KLM Royal Dutch Airlines Futuristic Flying Wing takes first flight

  • KLM Royal Dutch Airlines’ first scaled model of futuristic flying-V aircraft flew in Germany last month for the program.
  • The Flying-V is a flying wing aircraft, where the fuselage is blended with wings to form a massive V-shaped aircraft.
  • Airlines and aircraft manufacturers are turning to flying wings as an environmentally friendly alternative to traditional designs.
  • Visit Business Insider’s homepage for more stories.

A smaller model of the aircraft of the future KLM Royal Dutch Airlines, which first flew in a milestone event for more efficient and environmentally responsible aircraft of the Dutch flag carrier.

In late August when KLM’s Flying-V demonstrators successfully took to the skies over Germany, engineers got their first look at what might one day be the new head of KLM’s fleet. The remote-controlled flight was the culmination of two years of work by engineers from KLM and University of Delft Technology, also known as TU Delft.

The Flying-V differs from conventional aircraft because the fuselage and wings merge to form one giant flying wing. Airbus and Boeing’s new long-range aircraft focus on efficiency through the use of composites and fuel-efficient engines, but flying wing aircraft take efficiency to the next level with a radically new aerodynamically friendly torso design that lengthen Enables distance and improved fuel performance.

Researchers say the design will reduce fuel consumption by up to 20% from today’s most advanced aircraft such as the Airbus A350 and Boeing 787 Dreamliner, currently Air France-KLM, the parent company of the Dutch company and one of the largest airlines is. Group in Europe.

KLM first announced its investment to design the craft in June 2019 at the annual general meeting of the International Air Transport Association in Seoul, South Korea in association with TU Delft.

Flying wing design is gaining traction

KLM Royal Dutch Airlines TUI Delft Flying V

KLM A small model of Flying-V aircraft of Royal Dutch Airlines.

Lean van LIESHOUT / ANP / AFP / Getty

Airlines and aircraft manufacturers are looking at today’s traditional aircraft with flying wing designs in future designs. Contrary to the golden age of aviation, industry trends call for smaller and more efficient aircraft that demanded larger aircraft such as the four-engine Boeing 747 that were once required for non-stop long-distance travel.

KLM says the Flying-V will have wings similar to the Airbus A350 aircraft, which will allow it to use existing airport gates and taxiways, a problem Boeing engineers have to solve with the new folding wing-equipped 777X . And despite being able to carry approximately the same number of passengers, the Flying-V will be able to fly farther than the A350 with the same fuel load.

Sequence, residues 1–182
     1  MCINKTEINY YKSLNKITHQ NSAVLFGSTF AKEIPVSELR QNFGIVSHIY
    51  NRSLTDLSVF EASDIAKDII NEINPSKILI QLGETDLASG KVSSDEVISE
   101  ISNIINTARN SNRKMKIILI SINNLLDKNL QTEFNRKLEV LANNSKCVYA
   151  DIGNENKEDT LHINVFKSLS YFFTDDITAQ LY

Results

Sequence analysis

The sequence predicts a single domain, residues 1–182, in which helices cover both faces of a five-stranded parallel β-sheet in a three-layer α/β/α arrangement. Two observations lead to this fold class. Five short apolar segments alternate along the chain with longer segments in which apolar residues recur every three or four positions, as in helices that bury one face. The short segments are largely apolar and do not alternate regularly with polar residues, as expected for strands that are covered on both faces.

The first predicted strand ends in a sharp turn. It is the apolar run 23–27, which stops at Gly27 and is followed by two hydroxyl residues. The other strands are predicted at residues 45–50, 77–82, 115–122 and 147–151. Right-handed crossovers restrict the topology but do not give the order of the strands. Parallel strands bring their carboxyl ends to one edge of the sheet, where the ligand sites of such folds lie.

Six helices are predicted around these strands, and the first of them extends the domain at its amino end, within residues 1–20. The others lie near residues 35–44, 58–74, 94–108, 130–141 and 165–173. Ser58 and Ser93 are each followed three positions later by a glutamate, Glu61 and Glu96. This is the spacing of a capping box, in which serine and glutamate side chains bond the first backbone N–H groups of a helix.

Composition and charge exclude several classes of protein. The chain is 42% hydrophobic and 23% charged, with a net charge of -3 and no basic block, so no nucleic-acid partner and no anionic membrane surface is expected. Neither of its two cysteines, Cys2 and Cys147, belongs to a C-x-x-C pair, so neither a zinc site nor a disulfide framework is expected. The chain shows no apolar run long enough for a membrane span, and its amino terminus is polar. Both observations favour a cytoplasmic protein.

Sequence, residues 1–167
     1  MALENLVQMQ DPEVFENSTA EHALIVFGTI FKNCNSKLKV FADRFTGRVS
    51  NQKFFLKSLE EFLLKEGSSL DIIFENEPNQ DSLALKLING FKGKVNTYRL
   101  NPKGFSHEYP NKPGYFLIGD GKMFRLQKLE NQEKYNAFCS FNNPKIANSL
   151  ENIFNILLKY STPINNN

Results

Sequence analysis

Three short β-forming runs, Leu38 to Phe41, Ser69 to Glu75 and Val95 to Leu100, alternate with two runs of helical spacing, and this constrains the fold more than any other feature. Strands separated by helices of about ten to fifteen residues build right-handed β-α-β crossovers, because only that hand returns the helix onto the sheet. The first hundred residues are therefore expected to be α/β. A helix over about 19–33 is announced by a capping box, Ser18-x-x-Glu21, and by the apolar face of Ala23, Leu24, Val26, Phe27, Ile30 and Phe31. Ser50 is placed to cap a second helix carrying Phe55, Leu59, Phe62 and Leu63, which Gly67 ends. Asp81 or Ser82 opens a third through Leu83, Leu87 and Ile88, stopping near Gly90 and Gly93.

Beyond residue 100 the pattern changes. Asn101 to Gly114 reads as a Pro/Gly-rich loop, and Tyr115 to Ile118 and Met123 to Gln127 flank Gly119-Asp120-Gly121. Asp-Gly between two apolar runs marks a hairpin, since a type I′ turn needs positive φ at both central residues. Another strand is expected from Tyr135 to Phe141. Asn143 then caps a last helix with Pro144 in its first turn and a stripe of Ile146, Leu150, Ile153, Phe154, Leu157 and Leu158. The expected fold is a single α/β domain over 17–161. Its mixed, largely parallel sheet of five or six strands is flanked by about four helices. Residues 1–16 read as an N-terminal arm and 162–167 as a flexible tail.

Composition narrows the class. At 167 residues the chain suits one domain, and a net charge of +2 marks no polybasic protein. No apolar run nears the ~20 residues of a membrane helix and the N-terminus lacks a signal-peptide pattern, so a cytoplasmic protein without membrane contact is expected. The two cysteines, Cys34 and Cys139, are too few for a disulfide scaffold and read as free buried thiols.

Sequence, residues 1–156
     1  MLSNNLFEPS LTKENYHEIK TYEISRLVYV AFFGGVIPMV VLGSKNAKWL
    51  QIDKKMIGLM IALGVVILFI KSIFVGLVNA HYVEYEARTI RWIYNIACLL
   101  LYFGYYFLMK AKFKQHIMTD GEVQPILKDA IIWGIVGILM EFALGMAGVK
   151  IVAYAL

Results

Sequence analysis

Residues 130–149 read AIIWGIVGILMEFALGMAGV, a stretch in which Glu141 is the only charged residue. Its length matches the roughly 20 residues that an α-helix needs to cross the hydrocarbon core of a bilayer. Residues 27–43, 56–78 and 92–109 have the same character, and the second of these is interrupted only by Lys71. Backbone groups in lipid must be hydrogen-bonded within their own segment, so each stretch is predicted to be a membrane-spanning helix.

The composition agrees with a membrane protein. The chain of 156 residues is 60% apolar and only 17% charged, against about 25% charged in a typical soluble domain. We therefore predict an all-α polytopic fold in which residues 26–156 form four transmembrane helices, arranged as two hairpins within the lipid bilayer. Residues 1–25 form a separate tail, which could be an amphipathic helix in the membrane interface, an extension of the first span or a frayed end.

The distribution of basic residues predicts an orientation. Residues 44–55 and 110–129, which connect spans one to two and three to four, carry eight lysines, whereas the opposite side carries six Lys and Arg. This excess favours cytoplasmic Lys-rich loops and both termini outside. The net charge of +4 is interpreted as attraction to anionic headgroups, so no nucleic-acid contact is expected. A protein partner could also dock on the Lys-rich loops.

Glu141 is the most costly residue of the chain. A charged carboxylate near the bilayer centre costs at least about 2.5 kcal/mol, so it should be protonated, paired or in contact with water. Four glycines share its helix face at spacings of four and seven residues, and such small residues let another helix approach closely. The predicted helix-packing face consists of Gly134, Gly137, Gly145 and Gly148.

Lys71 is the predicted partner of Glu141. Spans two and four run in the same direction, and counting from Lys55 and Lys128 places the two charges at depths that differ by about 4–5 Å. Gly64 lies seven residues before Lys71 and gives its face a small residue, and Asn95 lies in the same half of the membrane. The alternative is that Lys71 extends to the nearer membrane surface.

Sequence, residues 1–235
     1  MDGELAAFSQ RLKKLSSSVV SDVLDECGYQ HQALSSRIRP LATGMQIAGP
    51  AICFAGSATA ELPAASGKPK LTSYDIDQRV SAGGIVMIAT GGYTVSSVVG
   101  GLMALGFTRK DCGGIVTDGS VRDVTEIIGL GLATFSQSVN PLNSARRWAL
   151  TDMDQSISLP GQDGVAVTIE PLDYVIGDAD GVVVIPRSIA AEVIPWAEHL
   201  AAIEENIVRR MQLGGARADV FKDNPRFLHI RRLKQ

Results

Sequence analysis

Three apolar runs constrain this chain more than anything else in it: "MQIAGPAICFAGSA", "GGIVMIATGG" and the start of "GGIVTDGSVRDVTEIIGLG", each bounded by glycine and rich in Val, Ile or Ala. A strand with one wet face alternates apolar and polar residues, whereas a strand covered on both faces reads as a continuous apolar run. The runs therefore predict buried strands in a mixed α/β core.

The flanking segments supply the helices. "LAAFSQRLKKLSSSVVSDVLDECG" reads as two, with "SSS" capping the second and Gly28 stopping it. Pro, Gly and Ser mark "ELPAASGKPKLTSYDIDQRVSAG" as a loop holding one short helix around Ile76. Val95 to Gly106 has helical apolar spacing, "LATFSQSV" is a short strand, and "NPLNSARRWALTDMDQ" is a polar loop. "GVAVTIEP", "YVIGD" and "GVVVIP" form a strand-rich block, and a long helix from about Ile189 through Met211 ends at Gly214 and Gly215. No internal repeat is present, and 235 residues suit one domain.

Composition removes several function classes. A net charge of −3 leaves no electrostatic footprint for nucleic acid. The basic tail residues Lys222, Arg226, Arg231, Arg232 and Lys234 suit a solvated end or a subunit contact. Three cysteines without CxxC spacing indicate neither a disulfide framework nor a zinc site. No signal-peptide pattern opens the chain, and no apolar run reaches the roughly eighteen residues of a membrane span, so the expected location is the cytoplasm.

Passenger cabins will likely be split between two legs of a V-shaped torso design while turbofans will rest on top of the fuselage under the wing, a rare but proven design.

KLM KLM Royal Dutch Airlines and TU Delft Flying V

KLM A small model of Flying-V aircraft of Royal Dutch Airlines.

KLM Royal Dutch Airlines

KLM and TU Delft engineers and researchers led an airbase to neighboring Germany for the first flight, where the scaled model was directed to the aircraft via remote control by a drone pilot.

“To reach this moment is two years of intensely stressful work,” said Malcolm Brown, head of the TU Delft, chief engineer of the Flying-V testing program. “And then, to confirm that it flies, did all that hard work, it was worth putting in a few hours to make sure everything is right and made properly, built correctly, And it pays off. ”

Although not a full-size prototype, the scaled model proves that the aircraft is aerodynamically sound and can fly as designed. It is now up to two companies to build full-size prototypes that can hold passengers and people, an investment that is possibly calling for billions in research and development.

KLM KLM Royal Dutch Airlines and TU Delft Flying V

A small model of the KLM Royal Dutch Airlines Flying-V aircraft on the first flight.

KLM Royal Dutch Airlines

European aircraft manufacturing giant Airbus revealed its Flying Wing demonstrator at the Singapore Airshow 2020 in February, reflecting its interest in the “blended wing” design type as a possible direction for its commercial aircraft lineup. Internal renderings show parallel passenger cabins that take advantage of the aircraft’s width to take additional passengers home

According to military.com, the US Army has its own flying wing, a stealth bomber known as the B-2 Spirit, which has been serving the Air Force since 1993. According to the US Air Force, without thanks to its aerodynamically friendly design, the B-2 Soul can fly up to 6,000 nautical miles. Passengers instead of sages.

KLM has not provided a timeline as to when a Flying-V can be expected, but the general aircraft development could last about 10 years from the drawing board to certification.